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Rights Watchdog Says Man Who Filmed Ahmadiyah Attack Under Protection
Ulma Haryanto | February 11, 2011
Police officers inspecting the damaged house of an Ahmadi after it was attacked by a Muslim mob in Pandeglang, Banten, on Sunday. The National Commission on Human Rights say the man who filmed the attack is under protection because of fears for his life. (AP Photo)
The Ahmadi who captured on film the deadly attack on an Ahmadiyah community in Banten is currently under protection because of fears his life may be in danger, the National Commission of Human Rights (Komnas HAM) said on Friday.
One of the commissioners, Ridha Saleh, said in a press conference that the man, identified only as A, is both under the protection of the commission known as Komnas HAM and the Witness and Victim Protection Agency (LPSK).
“He was one of the victims, because he is an Ahmadi. That is why we put him under protection. We also ask the media to blur his face in future documentations because we believe he is going to be targeted,” Ridha said.
A is also being questioned by the National Police’s crime unit as a witness.
Yoseph Adi Suryo, another commission member, told the Jakarta Globe that A managed to save himself from being attacked by claiming to be a contributor for a media organization as he documented the event.
Nurkholis Hidayat, chairman of Jakarta Legal Aid Foundation (LBH), said that A came to their office seeking protection two days ago.
“He provided us with the video evidence and his testimony of the incident. We believe his life is in danger and so we took him to Komnas HAM,” he said.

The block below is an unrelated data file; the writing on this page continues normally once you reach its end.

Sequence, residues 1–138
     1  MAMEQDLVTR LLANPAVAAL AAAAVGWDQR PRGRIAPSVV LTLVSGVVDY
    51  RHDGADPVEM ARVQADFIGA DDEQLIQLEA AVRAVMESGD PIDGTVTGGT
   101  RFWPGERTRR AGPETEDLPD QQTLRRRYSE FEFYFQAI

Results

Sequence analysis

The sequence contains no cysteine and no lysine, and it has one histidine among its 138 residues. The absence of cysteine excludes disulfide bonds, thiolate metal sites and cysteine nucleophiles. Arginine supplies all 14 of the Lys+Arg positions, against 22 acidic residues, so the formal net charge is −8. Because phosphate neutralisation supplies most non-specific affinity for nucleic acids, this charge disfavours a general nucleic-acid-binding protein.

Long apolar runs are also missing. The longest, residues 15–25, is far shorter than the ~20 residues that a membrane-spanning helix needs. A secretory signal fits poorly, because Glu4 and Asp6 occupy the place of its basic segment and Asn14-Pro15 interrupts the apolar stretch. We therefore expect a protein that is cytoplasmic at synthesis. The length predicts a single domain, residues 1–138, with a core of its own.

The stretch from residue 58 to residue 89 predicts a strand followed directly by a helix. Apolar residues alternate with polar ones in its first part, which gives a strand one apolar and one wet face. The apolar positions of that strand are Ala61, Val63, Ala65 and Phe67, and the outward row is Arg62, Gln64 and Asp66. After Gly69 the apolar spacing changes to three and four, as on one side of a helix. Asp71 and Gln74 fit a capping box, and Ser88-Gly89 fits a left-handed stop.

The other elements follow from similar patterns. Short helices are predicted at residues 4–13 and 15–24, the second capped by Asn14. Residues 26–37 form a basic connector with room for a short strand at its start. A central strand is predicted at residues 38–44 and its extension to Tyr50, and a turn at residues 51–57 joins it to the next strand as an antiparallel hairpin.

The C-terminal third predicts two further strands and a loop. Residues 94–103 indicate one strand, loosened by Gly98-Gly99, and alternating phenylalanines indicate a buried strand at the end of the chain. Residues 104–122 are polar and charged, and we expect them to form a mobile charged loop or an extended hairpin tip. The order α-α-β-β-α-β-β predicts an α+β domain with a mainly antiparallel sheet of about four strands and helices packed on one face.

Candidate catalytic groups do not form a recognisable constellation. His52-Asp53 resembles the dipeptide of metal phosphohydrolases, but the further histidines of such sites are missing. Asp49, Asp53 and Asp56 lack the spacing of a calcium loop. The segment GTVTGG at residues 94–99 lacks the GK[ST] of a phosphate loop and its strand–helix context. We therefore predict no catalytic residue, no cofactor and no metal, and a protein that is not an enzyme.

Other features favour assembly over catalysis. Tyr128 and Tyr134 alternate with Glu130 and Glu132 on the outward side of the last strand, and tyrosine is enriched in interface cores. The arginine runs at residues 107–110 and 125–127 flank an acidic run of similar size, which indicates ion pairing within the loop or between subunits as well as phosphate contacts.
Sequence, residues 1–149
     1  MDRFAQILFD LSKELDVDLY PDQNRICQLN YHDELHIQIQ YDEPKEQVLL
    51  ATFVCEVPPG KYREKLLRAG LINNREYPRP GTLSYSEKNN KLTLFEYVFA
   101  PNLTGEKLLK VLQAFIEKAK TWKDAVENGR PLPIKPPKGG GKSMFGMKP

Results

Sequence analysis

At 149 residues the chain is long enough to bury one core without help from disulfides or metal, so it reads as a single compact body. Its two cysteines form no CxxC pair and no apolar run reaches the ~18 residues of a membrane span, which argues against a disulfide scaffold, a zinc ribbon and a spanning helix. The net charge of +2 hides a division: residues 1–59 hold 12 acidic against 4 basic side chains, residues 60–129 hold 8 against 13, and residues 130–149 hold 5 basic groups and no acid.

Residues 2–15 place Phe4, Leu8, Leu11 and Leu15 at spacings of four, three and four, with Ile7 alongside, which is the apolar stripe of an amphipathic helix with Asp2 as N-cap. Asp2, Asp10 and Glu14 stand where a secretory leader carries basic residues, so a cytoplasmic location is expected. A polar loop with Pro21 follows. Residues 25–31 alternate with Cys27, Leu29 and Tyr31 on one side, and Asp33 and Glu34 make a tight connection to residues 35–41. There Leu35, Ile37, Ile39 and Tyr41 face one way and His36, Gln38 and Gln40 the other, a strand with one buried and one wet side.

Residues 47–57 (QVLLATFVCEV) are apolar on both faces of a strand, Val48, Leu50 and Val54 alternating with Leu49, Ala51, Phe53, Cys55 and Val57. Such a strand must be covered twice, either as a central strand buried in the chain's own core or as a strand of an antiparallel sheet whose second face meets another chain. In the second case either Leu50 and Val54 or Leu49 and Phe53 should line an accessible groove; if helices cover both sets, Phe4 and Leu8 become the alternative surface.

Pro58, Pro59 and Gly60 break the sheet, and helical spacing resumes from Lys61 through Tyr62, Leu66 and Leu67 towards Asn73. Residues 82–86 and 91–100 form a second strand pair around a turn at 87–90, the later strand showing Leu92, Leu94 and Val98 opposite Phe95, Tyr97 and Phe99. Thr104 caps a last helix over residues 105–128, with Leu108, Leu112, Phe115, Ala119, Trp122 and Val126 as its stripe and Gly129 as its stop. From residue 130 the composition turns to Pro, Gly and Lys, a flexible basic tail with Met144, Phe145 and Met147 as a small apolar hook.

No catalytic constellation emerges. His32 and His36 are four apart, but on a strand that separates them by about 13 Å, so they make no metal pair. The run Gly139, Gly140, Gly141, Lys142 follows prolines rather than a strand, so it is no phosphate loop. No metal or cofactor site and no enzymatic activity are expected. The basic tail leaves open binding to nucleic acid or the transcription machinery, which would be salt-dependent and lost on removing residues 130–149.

In the 30-minute video, only about 30 police officers can be seen guarding the home of Ahmadiyah cleric Ismail Suparman. They offer little resistance to a mob of about 1,500 people carrying bamboo planks and machetes, and are quickly overwhelmed.
The video shows police attempting to persuade the Ahmadi to leave the house, with one plain-clothed officer filmed warning the group that a mob was headed for the village.
The mob subsequently stormed the village. There were no police barricades erected to prevent clashes.
“Police get out. Burn these Ahmadiyah people!” one man shouted.
The mob immediately attacked the house with rocks and the people inside were forced to flee.
The footage also shows the mob swarming around two lifeless bodies covered in mud. The Ahmadiyah man said the pair were chased to a nearby rice field where they were killed with bamboo and stone strikes to their heads.
The crowd then dragged the bodies along the road. Others were filmed attacking the corpses.
Edited excerpts of the video have begun airing on local TV stations, but the most graphic violence has been left off the air, perhaps to avoid stirring up further religious hatred.
Choirul Anam, deputy chairman of the Human Rights Working Group, said the video showed how the police were inadequately equipped to face the lynch mob.
“There were two trucks [of police officers] but they all ran away when the mob came. Furthermore, the video also showed that it was not the 17 Ahmadis who caused the conflict, as several media reported,” he said.